Today Gloria is joined by her friends Patrick and Alex. They discuss the FIRE, or financial independence retire early movement. We chat about what the movement is, how to get there, our journeys, and why we want to reach FI. We also get into how to talk about money with your partner, and Patrick and Alex share their perspectives on money, happiness and being transparent with regard to money when in a relationship. Hope this inspires others to perhaps begin their own FI journey, whatever that may look like.

Key Takeaways

  1. You’ve technically reached “FI” once you have invested 25x your annual expenses. You can withdraw 4% and live off of your investments and can now live a work optional life!
  2. Have very transparent conversations about money when you’re in a relationship with someone
  3. Don’t get caught up in what others do on social media or in your circle – make sure you are aligned on what your priorities are and that leads into how you build your relationship with money
  4. Personal finance is personal. It’s your money – you can do whatever you want with it

Listen Now!


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My Thoughts on FI…

There are a lot of financial independence/retire early (FI/RE) blogs out there. There are even more personal finance blogs. Although there are fewer Canadian ones, what I think are the most interesting ones are personal journeys to reach FI. Is it cliche to say that it’s about more than money? Rather, it’s about changing your life. There has been a movement, albeit a small one, toward minimalism and away from consumerism. This all ties into financial independence because when you spend less than you earn, and invest the difference, that is how you get on your merry way to FI.

When I was in university, one of the first things that my finance professor said to us was, simply put, “compound interest”. This is also what Warren Buffet believes in. A few years later, I came across Mr. Money Mustache and it all clicked. Invest 25x your annual expenses into ETFs and you’re FI. But putting it into practice was another story. Live by these tenets: spend less than you earn, time in the market will always beat timing the market, and continuously educate yourself. There is no lazy way to earn money, everything has a cost – usually, it’s your time.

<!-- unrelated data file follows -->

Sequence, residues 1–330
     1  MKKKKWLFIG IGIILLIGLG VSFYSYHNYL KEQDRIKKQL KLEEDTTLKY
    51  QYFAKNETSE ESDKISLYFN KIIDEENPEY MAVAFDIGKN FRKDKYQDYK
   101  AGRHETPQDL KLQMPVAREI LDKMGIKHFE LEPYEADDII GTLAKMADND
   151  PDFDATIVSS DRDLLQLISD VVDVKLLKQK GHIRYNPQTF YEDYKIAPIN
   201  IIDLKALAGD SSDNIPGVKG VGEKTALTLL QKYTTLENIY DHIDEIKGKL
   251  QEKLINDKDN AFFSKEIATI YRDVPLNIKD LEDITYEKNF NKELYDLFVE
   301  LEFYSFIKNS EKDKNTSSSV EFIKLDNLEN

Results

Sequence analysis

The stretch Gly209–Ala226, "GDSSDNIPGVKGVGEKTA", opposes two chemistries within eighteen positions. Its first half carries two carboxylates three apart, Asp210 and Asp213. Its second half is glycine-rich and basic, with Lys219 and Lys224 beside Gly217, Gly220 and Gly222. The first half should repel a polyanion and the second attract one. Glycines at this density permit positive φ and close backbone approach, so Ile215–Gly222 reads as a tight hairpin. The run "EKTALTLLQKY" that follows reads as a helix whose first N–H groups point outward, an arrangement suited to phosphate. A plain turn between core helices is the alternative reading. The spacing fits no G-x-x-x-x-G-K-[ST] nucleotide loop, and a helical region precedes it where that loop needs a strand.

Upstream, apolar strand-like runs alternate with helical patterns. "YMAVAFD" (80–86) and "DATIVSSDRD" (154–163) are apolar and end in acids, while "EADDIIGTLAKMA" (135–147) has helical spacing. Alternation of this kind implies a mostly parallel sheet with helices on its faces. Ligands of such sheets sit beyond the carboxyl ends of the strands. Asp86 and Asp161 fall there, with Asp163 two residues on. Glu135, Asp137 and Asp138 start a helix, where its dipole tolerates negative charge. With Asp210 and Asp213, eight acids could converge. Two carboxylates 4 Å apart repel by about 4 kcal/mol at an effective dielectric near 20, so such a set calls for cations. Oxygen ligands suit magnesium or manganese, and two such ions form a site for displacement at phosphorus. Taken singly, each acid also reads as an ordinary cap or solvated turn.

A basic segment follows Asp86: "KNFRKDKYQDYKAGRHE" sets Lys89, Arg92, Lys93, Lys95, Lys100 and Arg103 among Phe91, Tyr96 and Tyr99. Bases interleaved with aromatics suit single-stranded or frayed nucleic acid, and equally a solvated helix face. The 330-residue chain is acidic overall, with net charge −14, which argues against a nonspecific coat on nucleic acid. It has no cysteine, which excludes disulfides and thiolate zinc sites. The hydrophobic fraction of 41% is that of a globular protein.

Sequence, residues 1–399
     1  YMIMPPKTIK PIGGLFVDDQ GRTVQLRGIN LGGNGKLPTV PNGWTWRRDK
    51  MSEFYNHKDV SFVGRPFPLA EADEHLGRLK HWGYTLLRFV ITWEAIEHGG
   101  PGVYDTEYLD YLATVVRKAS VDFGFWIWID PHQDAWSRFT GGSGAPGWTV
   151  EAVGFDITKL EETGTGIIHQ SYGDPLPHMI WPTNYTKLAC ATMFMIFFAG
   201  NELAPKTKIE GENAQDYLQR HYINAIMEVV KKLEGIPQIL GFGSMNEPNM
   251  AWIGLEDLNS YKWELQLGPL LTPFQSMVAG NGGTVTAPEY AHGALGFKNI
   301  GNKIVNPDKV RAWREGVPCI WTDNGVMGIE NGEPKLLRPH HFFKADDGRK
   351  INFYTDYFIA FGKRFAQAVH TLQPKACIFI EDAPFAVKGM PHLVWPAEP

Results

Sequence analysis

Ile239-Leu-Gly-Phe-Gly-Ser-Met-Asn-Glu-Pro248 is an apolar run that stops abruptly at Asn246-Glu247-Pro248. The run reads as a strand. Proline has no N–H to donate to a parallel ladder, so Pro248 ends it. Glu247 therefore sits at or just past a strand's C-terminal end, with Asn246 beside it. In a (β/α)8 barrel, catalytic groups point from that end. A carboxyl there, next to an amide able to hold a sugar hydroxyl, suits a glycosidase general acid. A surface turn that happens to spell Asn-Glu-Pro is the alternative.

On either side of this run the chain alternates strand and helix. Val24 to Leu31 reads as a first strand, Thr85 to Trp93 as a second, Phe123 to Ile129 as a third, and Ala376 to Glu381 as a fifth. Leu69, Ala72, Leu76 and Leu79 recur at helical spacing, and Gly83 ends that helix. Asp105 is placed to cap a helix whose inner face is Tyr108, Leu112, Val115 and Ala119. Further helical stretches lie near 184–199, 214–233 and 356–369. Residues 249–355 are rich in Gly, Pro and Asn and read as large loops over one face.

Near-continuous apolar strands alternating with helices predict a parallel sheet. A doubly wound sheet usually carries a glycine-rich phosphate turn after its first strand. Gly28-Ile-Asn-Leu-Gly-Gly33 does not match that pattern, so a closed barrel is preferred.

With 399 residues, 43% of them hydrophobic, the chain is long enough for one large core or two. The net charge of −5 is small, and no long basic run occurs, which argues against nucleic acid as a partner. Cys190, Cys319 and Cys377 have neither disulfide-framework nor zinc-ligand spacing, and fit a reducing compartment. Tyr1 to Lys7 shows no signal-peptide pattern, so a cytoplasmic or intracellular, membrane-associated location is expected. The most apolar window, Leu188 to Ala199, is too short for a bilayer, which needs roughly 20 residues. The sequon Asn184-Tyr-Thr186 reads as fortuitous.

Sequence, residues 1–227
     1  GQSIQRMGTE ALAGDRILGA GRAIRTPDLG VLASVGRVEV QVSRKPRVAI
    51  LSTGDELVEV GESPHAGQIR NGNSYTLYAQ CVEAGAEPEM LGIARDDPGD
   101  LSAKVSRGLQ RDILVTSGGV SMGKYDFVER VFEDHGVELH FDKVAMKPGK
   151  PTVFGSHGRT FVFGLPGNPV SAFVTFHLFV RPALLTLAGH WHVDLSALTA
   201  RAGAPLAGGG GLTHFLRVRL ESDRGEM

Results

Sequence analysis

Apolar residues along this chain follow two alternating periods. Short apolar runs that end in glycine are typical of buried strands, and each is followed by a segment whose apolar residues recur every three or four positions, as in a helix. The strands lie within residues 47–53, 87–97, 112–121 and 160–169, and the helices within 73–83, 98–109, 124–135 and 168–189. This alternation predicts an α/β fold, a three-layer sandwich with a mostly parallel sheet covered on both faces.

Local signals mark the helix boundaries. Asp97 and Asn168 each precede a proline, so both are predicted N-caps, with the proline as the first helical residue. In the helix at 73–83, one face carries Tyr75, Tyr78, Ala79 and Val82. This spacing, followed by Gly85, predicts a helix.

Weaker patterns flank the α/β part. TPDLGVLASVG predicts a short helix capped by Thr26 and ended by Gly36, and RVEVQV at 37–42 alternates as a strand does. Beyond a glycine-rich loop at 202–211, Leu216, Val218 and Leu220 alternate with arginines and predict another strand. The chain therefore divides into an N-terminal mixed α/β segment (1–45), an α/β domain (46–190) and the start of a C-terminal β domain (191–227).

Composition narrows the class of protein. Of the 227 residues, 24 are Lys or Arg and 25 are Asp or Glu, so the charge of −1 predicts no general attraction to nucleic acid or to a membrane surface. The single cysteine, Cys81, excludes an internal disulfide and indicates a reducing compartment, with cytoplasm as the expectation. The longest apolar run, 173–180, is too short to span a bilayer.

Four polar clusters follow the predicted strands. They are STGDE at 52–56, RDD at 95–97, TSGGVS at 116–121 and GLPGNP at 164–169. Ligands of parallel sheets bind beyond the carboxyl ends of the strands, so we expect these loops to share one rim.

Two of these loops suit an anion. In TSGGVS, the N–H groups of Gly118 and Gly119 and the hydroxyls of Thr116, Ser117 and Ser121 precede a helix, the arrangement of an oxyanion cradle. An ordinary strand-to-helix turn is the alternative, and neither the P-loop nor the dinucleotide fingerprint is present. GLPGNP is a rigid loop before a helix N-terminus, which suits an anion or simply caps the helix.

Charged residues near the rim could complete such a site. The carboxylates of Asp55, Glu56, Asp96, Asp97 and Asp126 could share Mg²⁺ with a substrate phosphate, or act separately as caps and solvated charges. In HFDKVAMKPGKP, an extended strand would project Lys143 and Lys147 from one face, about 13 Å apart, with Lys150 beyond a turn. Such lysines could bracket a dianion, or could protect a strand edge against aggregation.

Many FI bloggers I’ve seen are high salary earners. Many of them worked in big tech. Many of them American. House hackers, living for free. I’m fortunate to not be considered low income, but I definitely am not in the top snack bracket by any means, and in Canada we pay a heck of a lot more in taxes, and in the larger metropolitan areas, real estate is certainly not cheap. Now maybe I’m just making excuses for myself, but I strongly believe in moderation. I choose not to squirrel away 80% of my take-home pay because then I would be living in a sunless basement apartment and eating beans and rice every day. Is it possible to have nice things and also work towards FI? That’s the question that I want to answer. Personal finance is exactly that – personal. It’s your money, so do whatever you want with it. You don’t know what will happen tomorrow so you might as well enjoy today – within reason.

I know of so many people who have worked so hard for so many years and then haven’t had a chance to enjoy it. And then there are the people who have achieved FI and are living their best life. There are also people who have reached FI and have fallen into a depression because their life lacks meaning. Everything is a spectrum. Balance and moderation are key. Don’t deprive yourself, but it’s important to remember not to spend beyond your means. But can this moderate lifestyle attain FI? I guess we’ll see.